Monday 30 May 2022

A Discovering Diamonds Review of The Notes of Change by Susan Grossey

Murder mystery
London, England

This is, I believe, the last in the Constable Sam Plank Series, and it's the second that I have read. Sam Plank is an engaging character and a jovial narrator. He takes his job as magistrate's constable in early nineteenth-century London very seriously, but he is very much not full of his own importance and he knows that if he ever gets too puffed up with pride, his sensible wife Martha will soon prick his pomposity. The plot in this latest - and last - outing for him revolves around a murder, and the passing of counterfeit notes. Are the two connected? It's Sam's job to find out, assisted by the 'young' Wilson who, having worked alongside Sam for many years, is now applying to become a member of the newly-formed Metropolitan Police.

I mentioned that this is the second book I've read, and I think it's pertinent to say that the first one I read was #4 of #7. I say this is relevant because whilst this is a series, the books can definitely be read as standalones. Ms Grossey gives just enough background information for those meeting Sam, Martha, Wilson and all their colleagues and friends for the first time to feel they've not missed anything vital. The books are beautifully written and London in the post-Napoleonic era is vividly portrayed.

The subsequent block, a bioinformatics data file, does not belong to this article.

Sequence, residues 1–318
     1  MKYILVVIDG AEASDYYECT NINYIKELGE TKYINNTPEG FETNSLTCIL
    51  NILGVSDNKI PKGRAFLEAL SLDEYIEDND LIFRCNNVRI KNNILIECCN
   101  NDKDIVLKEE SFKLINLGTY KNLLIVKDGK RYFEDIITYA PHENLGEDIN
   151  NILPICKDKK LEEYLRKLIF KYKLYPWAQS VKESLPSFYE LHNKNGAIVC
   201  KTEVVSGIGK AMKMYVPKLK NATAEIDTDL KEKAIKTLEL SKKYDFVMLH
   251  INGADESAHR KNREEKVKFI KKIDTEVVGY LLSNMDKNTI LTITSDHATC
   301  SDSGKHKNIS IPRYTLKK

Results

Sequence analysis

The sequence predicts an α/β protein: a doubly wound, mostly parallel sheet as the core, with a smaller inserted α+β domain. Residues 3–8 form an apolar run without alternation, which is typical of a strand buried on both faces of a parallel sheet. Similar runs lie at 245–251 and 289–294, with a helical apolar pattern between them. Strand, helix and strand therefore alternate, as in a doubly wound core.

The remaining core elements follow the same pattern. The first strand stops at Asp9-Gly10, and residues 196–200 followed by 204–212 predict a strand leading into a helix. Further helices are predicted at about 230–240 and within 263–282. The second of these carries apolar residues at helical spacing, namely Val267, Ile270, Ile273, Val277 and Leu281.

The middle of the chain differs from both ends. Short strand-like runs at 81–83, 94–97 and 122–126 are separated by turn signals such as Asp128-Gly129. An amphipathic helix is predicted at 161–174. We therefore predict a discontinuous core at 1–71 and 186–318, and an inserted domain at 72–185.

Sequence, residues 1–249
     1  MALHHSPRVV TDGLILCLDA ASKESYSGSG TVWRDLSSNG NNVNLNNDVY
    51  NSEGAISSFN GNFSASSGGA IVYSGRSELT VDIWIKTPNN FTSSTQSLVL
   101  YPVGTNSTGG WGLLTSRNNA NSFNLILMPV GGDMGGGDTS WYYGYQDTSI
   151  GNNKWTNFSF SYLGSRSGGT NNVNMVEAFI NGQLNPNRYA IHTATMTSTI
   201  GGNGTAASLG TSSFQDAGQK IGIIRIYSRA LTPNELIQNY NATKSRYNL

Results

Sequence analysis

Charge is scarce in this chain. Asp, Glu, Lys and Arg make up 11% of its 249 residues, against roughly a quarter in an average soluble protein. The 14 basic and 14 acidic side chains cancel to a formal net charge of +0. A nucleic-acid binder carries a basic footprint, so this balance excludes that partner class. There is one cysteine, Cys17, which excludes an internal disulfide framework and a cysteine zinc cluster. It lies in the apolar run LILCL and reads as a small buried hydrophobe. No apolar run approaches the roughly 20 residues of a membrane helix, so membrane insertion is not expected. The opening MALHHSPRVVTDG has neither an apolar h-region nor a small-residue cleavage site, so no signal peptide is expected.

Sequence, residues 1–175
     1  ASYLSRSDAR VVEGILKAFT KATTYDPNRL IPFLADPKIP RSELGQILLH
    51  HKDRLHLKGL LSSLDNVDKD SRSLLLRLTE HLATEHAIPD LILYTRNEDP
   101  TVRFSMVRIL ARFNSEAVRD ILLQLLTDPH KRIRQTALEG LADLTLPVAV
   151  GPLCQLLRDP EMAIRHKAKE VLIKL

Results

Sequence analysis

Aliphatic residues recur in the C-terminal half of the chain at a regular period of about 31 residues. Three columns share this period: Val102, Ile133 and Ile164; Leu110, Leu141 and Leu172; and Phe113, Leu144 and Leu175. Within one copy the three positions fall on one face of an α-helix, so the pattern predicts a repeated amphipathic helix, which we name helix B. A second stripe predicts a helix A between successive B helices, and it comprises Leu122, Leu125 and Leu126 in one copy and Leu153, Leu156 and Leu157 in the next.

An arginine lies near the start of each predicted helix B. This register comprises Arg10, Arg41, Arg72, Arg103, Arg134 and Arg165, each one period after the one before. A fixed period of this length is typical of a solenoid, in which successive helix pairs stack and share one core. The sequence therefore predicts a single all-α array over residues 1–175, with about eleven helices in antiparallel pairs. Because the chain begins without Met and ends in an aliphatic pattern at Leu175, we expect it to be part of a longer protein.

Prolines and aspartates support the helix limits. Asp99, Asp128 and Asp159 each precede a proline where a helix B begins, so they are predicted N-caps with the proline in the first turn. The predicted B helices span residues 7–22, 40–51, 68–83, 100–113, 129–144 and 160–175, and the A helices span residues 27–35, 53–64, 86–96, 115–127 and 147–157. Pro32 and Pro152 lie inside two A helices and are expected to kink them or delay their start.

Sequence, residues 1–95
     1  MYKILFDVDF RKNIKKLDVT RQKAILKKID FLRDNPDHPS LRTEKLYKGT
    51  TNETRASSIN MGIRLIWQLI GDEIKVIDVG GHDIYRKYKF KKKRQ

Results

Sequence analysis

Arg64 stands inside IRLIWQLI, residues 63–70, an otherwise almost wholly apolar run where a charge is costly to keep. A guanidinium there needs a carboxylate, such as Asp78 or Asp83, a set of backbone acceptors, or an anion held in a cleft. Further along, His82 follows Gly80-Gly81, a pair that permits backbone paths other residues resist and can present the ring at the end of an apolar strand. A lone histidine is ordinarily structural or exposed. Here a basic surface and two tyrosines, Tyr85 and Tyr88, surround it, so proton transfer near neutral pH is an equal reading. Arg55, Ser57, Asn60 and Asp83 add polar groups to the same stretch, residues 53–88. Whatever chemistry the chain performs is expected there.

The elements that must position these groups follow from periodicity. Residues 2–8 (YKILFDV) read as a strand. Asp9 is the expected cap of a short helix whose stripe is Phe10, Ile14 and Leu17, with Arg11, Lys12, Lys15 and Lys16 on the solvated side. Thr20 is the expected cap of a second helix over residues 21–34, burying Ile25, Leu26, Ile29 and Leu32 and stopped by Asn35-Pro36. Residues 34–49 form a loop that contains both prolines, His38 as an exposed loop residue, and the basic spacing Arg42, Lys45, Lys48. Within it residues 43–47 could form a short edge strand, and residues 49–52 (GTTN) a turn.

Inevitably, with the conclusion of a long-running series, there are threads to be tied, and this has slightly less murder/mystery/crime-solving content than the previous book I read, simply because there's a sense of change: Wilson is considering his future, and so, in a way, is Sam. In what I imagine is a slight departure from the norm, it is not only Sam's colleagues and friends who make reappearances, something which will no doubt delight readers who've devoured all the books from the very first, but newer readers are given enough information that they won't be confused.

I thought it very fitting that the author chose to end the series at a point in Sam's life when the very nature of the job is about to change (and the title, in that regard, is brilliant). Luckily for the reader, even in this last adventure, the nature of crime remains the same.

Reviewed for Discovering Diamonds 

© Annie Whitehead
 e-version reviewed


  1. Thank you so much for this wonderful review - I am relieved/delighted all at once!


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